A famous wartime recruitment poster from 1915 asks, “Daddy, what did YOU do in the Great War?” I wonder if in the months and years to come people will look back and ask, “What did you do during the pandemic?” Alan Long, Executive Director at the Mears Group, underlines the importance of supporting communities during this time of need.
Many companies have been making some very swift, very big decisions of late which will have innumerable impacts. Our first task is to protect our workforce as much as we can — how we are best supporting our colleagues in terms of wages; how we can protect them from disease; how we support their physical and mental health; how to ensure that their wellbeing is in check.
We have also had to negotiate with all of our clients whether delivering repairs and maintenance, housing management or care services. What services do they need? Are these essential? Will they keep paying us so we can keep paying our own supply chain?
Every action has a reaction and it has been so hard for companies to game these questions through to ensure they are making the right decisions to come through this crisis unscathed. But from what I have seen from colleagues and clients of late I am genuinely proud of the sense of purpose and determination to get things right.
And I want to turn this purpose and determination to our most important stakeholders — our communities. If the latest OBR forecasts are right, then we will see more communities left behind economically. Unemployment last seen in the early 1990s or a depression as great as the one in 1709 brought on by the Great European Freeze.
Earlier this year Mears commissioned the think tank Localis to review the Social Value Act and to recommend ways in which we can level the playing field when commissioning social value. It may seem like an odd time to release a thought piece but looking at the report recommendations, I am convinced that this is a golden opportunity to get things right now so that our most vulnerable communities can harness the support of the private sector in a genuinely meaningful way.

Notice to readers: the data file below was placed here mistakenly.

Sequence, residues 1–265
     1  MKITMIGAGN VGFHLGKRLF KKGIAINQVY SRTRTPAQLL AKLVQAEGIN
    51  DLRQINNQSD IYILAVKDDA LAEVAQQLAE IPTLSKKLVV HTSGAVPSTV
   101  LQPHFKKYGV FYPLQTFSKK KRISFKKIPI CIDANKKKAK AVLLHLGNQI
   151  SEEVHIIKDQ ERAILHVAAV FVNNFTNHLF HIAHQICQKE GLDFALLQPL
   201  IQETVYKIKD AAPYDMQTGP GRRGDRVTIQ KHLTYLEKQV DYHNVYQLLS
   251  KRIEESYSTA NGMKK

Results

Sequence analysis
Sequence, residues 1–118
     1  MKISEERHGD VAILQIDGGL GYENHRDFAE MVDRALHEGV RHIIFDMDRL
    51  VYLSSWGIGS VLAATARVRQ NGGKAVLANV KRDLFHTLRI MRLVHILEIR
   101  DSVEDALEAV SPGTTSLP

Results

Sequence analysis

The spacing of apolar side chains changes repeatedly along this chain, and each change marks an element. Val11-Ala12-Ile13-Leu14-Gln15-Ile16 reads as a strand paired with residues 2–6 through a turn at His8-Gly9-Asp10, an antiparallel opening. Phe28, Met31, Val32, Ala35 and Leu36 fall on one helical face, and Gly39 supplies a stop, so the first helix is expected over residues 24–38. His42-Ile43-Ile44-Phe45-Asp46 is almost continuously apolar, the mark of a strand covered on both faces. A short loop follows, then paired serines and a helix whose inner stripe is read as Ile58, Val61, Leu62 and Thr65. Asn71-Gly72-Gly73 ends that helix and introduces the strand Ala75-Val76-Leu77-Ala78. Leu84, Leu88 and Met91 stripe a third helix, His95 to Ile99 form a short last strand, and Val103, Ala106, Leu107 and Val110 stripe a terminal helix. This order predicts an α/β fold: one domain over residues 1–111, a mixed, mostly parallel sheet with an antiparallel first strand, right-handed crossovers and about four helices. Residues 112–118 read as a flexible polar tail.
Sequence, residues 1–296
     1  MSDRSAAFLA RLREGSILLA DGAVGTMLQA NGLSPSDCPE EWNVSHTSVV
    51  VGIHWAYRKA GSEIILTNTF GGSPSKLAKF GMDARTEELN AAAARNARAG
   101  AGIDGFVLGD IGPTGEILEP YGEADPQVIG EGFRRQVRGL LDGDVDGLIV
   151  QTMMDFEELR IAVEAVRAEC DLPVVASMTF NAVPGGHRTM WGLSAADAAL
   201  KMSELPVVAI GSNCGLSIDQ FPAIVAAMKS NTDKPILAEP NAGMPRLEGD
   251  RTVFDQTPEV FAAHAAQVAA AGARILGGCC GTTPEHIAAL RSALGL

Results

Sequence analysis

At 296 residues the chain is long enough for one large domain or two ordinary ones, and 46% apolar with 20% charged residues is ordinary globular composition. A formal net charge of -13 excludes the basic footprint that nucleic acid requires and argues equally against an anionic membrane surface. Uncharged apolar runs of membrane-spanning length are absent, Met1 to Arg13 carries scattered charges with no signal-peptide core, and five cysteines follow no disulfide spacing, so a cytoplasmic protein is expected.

The public sector procurement community is bracing itself for an onslaught of tender responses to normal services as well as a glut of COVID-19 recovery contracts. Such professionals will be keen to ensure that their own actions in commissioning deliver not just economic efficiency and long-honoured ‘value for money’ but also promote community resilience and social wellbeing that has the potential to deliver and embed real social value in the recovery process. This report offers a clear route map for realising the promise of social value.
The report finds:
- The lives of residents must measurably improve as a result of how councils commission and provide local public services.
- It calls for a standardised approach to evaluating social value which would give communities a greater say in the benefits received in the commissioning of local public services from commercial suppliers.
- The report calls for the public sector to adopt a Community Value Charter as a standard framework for setting place-sensitive local outcomes that build on inherent strengths such as social and natural capital.
- We call for a greater sense of human values, trust and relationship in how we generate value for our communities from the commissioning process.
- Providers must be accountable to residents, tenants and local people for both the services they deliver, and the benefits agreed to when business contracts are signed.
- These must be explained in a clear way — not through complex targets and opaque mechanisms. We must see strong actual proof in how effectively local services are provided as something which is reflected in the improved lived experience of people in our communities.
I will be writing to our competitors shortly to suggest joint action on this important work, and we are already engaged with the Treasury and Cabinet Office on taking these proposals forward.
“What did you do during the pandemic?” I hope I know what the answer will be for the housing sector — we stood fast and firm with our colleagues, our local government and housing association partners and above all, our communities.
Header image ©Robert Kneschke/AdobeStock.